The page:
Tuesday, December 26, 2006

King of Advice

I will be spending a good part of my free time reading now. For a few reasons, the least being all the Barnes & Noble dollars my all-knowing family have bestowed on me this holiday season. The most of which is-- I feel the need for inspiration and guidance right now in my own writing. So, my posts for a while will probably consist of little sparklies I encounter on my dig that I will be moved to share here.

I have started my search for guidance with Stephen King's ON WRITING. Here's a very good piece of advice from it:

(He's talking about things he's learned) "Running a close second was the realization that stopping a piece of work because it's hard, either emotionally or imaginatively is a bad idea. Sometimes you have to go on when you don't feel like it."

Really? I know it gets hard sometimes and you have to push through a scene. I've definitely been there. But, when do you know when to let a story go and when to push on?

Right now I really want to dump my whole story because changing it would be harder than starting over. Do I just want to dump it because it's hard then?

This is the first question I need to answer for myself.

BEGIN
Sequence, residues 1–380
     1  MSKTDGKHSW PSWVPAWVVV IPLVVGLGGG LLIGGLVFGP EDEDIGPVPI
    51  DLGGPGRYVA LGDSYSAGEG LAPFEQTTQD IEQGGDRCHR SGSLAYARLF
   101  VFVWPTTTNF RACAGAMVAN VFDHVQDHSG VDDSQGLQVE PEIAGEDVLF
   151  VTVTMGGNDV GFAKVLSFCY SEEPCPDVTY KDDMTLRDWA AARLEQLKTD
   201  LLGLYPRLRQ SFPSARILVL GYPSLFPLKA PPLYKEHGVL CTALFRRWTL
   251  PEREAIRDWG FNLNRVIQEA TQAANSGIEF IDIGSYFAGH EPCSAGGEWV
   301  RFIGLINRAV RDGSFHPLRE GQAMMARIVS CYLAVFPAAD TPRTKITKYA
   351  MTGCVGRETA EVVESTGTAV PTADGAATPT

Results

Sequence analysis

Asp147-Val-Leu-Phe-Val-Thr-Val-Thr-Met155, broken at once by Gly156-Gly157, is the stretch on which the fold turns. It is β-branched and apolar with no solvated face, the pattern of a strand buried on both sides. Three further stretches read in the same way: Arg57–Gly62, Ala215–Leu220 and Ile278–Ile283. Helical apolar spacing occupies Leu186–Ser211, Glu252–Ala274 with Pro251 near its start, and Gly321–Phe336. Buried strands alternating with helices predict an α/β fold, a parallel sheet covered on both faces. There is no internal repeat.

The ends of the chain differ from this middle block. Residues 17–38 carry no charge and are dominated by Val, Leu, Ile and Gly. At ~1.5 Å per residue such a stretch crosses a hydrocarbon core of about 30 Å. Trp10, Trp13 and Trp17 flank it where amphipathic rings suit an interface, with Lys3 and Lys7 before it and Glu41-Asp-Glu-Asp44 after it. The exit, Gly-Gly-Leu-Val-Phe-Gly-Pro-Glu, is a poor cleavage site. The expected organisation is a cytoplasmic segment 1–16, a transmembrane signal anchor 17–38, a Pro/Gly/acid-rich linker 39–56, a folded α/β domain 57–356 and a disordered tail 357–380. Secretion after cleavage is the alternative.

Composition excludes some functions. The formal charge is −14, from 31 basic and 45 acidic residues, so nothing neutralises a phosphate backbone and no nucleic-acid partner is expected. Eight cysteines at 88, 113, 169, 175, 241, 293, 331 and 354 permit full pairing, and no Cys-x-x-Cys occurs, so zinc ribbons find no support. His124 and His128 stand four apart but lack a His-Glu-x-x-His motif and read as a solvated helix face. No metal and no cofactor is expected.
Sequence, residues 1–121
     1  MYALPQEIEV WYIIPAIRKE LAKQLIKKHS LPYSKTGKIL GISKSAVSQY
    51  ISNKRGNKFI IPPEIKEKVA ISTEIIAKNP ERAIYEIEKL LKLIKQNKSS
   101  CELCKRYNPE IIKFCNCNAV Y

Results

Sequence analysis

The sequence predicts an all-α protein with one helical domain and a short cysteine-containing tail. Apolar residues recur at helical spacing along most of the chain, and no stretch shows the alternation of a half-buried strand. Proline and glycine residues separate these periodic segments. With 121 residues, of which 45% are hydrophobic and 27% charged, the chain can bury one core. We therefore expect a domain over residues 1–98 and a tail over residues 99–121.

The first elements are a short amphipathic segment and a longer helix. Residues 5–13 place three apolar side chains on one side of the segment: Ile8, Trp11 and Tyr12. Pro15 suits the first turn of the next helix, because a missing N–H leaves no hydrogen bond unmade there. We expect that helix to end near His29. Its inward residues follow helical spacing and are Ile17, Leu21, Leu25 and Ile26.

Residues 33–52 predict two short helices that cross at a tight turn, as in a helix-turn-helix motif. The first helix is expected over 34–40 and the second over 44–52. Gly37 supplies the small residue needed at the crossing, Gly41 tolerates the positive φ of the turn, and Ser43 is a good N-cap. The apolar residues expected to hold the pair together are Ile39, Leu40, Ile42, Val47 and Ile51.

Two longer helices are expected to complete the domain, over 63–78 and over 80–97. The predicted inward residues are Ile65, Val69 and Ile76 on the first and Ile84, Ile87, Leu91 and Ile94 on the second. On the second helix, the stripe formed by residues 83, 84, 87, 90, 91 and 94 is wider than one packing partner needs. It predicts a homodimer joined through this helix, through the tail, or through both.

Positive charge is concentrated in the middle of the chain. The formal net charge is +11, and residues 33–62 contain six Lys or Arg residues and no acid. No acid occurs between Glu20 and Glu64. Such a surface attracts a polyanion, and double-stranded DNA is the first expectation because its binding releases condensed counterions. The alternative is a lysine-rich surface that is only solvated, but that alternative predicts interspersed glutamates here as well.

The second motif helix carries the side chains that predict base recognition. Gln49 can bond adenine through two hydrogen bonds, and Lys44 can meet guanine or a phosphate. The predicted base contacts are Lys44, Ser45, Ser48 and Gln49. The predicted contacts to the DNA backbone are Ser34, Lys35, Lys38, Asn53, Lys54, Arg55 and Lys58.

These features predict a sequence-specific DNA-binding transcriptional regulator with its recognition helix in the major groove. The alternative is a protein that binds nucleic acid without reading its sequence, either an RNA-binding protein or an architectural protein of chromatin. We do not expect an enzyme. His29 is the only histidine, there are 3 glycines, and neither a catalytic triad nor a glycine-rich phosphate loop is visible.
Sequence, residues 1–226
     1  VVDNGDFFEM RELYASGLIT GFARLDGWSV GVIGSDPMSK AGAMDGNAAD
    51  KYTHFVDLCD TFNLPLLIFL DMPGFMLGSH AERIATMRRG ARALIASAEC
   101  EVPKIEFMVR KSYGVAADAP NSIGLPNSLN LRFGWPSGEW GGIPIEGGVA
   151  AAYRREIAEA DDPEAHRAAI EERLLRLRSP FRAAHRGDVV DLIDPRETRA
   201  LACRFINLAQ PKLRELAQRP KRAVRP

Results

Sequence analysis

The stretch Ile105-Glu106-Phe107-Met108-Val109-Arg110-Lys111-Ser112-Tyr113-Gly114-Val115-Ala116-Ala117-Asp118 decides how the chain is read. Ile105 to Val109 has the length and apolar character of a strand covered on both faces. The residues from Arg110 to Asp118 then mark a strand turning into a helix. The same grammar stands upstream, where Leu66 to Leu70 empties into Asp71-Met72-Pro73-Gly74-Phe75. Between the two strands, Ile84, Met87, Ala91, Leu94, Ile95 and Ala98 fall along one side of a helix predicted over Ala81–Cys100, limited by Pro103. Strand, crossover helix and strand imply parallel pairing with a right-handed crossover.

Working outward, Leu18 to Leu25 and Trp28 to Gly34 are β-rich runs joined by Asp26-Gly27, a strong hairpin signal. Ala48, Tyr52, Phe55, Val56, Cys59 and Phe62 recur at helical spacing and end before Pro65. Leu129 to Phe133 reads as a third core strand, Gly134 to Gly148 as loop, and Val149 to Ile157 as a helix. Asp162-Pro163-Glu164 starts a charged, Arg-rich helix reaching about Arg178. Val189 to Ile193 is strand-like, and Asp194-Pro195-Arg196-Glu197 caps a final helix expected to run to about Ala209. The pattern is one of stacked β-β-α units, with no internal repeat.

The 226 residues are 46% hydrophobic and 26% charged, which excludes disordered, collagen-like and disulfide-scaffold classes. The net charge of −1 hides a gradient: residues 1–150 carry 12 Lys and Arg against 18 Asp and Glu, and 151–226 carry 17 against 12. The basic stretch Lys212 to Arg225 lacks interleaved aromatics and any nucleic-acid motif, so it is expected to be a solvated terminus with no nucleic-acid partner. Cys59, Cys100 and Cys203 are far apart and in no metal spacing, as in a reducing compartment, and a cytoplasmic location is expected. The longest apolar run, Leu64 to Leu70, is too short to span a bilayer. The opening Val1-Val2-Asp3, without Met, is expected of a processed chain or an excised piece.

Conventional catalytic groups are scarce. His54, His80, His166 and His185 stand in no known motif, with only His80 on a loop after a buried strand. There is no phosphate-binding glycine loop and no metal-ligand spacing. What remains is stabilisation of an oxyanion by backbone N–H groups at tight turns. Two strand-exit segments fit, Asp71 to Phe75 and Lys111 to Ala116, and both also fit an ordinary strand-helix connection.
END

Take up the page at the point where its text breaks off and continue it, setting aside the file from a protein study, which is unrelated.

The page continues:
2 comments:

Christian said...

My personal system is:

If a story just isn't "working" - and by that I mean that every single word is like pushing through five feet of wet snow - then I stop writing. My first order of business is to determine whether I'm engaged by the story or if I'm boring myself with it. If that's the situation, then the whole shebang gets scrapped. If I feel the premise is strong and it's something I really want to write, I put it in a folder for 1-3 months to let it "simmer." Sometimes, that distance from it is what it takes to see the problems anew.

Good luck!

Shannon said...

I think the thing I'm having a hard time with is what King stresses in the book I just finished- people just want to read a good story-period. I'm sure that's true for the majority of the population, and if my goal was to become a best-selling commercial fiction writer, I would have to agree with him.

The problem is, I personally read for the prose also. That said, I think King is a great story-teller, but I wouldn't say he's a great writer. He makes a comment about one of my favorite writers-Ayn Rand and how her writing is wooden. I read Atlas Shrugged thirteen times because I love the writing, not just the story.

Difference in taste, I guess.

Yes, putting it away to simmer for a while sounds like a great idea...while I figure out a happy medium between a good story (satisfy the reader) and good prose (satify the writer) :-)